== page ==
A Cellular Secret to Long Life

Longevity may depend in part on neatly spooling DNA.

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By Tina Hesman Saey, Science News

Just as proper storage keeps a loaf fresh longer, adequate packaging may be a key to cellular longevity, reports a study of the organisms that make bread rise.

New research on aging in baker’s yeast suggests that proper packaging of DNA can halt aging and lead to longer life. The study, published September 10 in Molecular Cell, shows that a decline in levels of DNA-packaging proteins called histones is partially responsible for aging, and that making more of the proteins can extend the life-span of yeast.

Aging has many different causes, says Jessica Tyler, a molecular biologist at the University of Texas MD Anderson Cancer Center in Houston. Now, Tyler and her colleagues think they have uncovered yet another way cells age—by losing histones.

Histones are important proteins that form a spool upon which DNA is wound. This spooling allows yards of DNA to fit inside a cell and also helps control how genes are turned on and off (SN: 5/24/10, p.14). Tight winding helps keeps genes off, while loosening the packaging allows genes to be turned on.

As yeast cells age they make fewer histone proteins, Tyler’s team found. In order to determine whether losing histones is a cause of aging, the researchers studied yeast lacking a protein called Asf1. Without the protein, genes encoding histones don’t get turned on as often, and fewer histones are made.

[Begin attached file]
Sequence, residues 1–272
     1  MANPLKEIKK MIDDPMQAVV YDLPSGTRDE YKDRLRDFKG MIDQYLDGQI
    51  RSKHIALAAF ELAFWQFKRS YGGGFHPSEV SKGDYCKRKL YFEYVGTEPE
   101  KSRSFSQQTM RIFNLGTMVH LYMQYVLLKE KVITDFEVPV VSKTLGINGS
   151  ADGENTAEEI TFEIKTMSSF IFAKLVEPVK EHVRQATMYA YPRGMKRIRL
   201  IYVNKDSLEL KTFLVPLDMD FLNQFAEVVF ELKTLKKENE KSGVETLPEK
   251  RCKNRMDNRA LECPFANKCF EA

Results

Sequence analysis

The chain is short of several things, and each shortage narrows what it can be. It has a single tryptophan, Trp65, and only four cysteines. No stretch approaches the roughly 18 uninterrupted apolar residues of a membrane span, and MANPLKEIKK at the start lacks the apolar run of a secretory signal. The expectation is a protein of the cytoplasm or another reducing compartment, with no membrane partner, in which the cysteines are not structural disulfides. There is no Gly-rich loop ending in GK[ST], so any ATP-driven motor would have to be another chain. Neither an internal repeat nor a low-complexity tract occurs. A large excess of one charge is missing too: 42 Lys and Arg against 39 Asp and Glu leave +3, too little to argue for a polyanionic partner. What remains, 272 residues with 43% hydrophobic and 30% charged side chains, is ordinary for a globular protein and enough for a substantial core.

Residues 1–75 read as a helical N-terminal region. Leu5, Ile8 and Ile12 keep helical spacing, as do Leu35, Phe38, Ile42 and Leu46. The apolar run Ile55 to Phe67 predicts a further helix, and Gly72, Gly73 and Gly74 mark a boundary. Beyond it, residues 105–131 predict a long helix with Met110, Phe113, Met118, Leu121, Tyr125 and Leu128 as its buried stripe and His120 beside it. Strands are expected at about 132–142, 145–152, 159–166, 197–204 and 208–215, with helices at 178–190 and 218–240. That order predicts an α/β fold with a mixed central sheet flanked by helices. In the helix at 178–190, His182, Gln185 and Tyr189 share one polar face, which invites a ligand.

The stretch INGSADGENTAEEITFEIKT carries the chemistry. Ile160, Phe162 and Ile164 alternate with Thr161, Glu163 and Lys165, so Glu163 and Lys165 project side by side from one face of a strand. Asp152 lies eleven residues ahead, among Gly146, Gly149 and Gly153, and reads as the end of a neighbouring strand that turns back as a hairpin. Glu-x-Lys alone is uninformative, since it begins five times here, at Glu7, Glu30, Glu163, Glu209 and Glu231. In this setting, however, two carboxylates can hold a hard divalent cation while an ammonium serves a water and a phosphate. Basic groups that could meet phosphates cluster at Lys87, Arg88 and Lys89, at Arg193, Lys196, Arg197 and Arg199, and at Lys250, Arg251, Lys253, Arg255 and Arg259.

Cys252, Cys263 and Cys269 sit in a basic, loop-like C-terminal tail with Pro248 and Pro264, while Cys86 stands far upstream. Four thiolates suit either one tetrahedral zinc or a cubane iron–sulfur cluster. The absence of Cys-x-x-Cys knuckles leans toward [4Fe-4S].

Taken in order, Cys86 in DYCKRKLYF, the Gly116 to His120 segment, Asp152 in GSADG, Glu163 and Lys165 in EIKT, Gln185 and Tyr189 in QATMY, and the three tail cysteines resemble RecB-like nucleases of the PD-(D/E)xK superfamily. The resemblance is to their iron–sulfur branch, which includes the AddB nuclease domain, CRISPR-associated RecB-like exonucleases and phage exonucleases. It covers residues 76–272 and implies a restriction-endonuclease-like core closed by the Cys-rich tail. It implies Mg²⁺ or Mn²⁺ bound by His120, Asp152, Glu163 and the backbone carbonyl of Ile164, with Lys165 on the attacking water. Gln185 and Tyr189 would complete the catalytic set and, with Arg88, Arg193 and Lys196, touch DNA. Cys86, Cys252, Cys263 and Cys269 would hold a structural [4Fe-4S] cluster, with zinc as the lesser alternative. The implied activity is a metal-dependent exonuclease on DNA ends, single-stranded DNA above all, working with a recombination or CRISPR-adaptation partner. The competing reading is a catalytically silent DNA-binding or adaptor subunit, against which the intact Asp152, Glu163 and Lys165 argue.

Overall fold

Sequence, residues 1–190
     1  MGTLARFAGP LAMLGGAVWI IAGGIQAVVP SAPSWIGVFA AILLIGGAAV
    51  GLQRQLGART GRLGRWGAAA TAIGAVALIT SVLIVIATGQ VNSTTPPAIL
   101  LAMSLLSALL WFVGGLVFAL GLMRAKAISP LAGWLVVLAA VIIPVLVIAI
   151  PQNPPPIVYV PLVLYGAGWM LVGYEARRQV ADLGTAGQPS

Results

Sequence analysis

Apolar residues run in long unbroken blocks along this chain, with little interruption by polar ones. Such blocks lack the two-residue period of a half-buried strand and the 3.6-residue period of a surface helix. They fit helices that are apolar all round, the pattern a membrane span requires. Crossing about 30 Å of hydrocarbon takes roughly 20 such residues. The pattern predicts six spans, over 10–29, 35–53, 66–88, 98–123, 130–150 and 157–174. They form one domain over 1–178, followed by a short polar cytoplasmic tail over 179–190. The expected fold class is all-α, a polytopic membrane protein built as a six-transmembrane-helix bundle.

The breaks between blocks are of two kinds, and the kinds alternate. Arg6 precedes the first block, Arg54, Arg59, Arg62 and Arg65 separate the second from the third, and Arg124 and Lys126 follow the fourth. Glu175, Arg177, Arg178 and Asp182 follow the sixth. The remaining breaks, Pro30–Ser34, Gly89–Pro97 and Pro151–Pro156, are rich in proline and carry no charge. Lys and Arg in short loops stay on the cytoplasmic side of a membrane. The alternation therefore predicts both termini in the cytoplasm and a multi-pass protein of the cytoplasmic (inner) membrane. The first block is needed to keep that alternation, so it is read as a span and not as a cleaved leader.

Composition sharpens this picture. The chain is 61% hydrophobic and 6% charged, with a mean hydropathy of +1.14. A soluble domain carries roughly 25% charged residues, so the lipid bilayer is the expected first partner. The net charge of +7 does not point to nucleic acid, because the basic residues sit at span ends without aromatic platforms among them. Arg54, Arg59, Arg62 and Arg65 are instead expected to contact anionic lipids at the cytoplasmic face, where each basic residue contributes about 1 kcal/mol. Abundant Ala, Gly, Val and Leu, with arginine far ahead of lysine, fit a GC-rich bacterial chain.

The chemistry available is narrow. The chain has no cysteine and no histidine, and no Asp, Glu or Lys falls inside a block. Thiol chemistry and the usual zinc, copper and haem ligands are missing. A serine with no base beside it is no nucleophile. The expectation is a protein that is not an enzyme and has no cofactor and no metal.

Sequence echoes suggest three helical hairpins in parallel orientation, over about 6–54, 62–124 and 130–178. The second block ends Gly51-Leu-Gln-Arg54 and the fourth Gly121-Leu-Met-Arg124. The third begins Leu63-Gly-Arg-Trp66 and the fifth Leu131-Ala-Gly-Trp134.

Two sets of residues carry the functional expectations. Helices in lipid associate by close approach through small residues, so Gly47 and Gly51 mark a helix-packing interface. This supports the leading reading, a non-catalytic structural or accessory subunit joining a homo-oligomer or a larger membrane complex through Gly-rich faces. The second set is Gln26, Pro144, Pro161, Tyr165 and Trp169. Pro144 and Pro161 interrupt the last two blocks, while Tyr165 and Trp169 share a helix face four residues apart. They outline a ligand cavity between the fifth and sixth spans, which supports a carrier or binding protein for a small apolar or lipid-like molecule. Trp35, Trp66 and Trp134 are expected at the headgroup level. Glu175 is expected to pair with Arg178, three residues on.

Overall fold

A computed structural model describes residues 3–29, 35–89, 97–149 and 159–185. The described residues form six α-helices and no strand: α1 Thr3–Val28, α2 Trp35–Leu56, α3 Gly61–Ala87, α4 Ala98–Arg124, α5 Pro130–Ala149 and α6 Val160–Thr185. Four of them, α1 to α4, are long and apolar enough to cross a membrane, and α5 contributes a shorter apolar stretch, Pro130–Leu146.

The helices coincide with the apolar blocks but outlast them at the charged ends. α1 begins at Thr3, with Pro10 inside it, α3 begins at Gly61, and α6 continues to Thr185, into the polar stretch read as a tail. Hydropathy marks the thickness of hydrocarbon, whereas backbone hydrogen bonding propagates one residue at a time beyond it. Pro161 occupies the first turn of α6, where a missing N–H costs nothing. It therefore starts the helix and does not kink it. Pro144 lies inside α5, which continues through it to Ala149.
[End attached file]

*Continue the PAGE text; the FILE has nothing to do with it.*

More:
Yeast cells lacking Asf1 have drastically shorter life-spans than most yeast do, dividing only seven times on average instead of 27 times like normal yeast. The lack of histones is responsible for the shorter life-spans, the team demonstrated. Adding back histones made yeast without Asf1 live 65 percent longer. And making extra histones in normal yeast extended life-span up to 50 percent.

Exactly how histones determine how long yeast will live is still unknown. The researchers think falling levels of histones during aging may loosen DNA and allow many genes to be turned on inappropriately. That excess gene activity may zap a cell’s energy reserves. Making extra histones may help old yeast keep tighter control of gene activity. Tyler’s group is still testing that hypothesis.

In the new study, the team found that the histone life-extension process is likely independent of other known mechanisms for increasing life-span. For instance, histones appear to work differently from the well-known antiaging sirtuin protein Sir2.

But histones’ relationship to caloric restriction—a much-studied way of increasing life-span by cutting energy consumption while still giving an animal all the nutrients needed for survival—is more complicated. Yeast on restricted-calorie diets live longer. So do yeast with more histones. If the two mechanisms are entirely independent of each other, combining the two treatments should add up to make yeast live longer than either manipulation alone. Instead, combining the treatments in the new experiments led to a life-span extension somewhere in between the solo effect of either treatment.

The finding serves as a reminder that biological processes are complicated and intertwined, says Matt Kaeberlein, a molecular biologist at the University of Washington in Seattle. “When we think about these genetic pathways, we like to draw them in nice straight lines, but in reality they are all interconnected networks,” he says. “We need to have more studies exploring the relationship between histones and dietary-restriction effects on aging.”

“The next burning question is, ‘Are any of these mechanisms at play in the mammalian system?’” Kaeberlein says. Some evidence suggests that mice also lose histones as they age.


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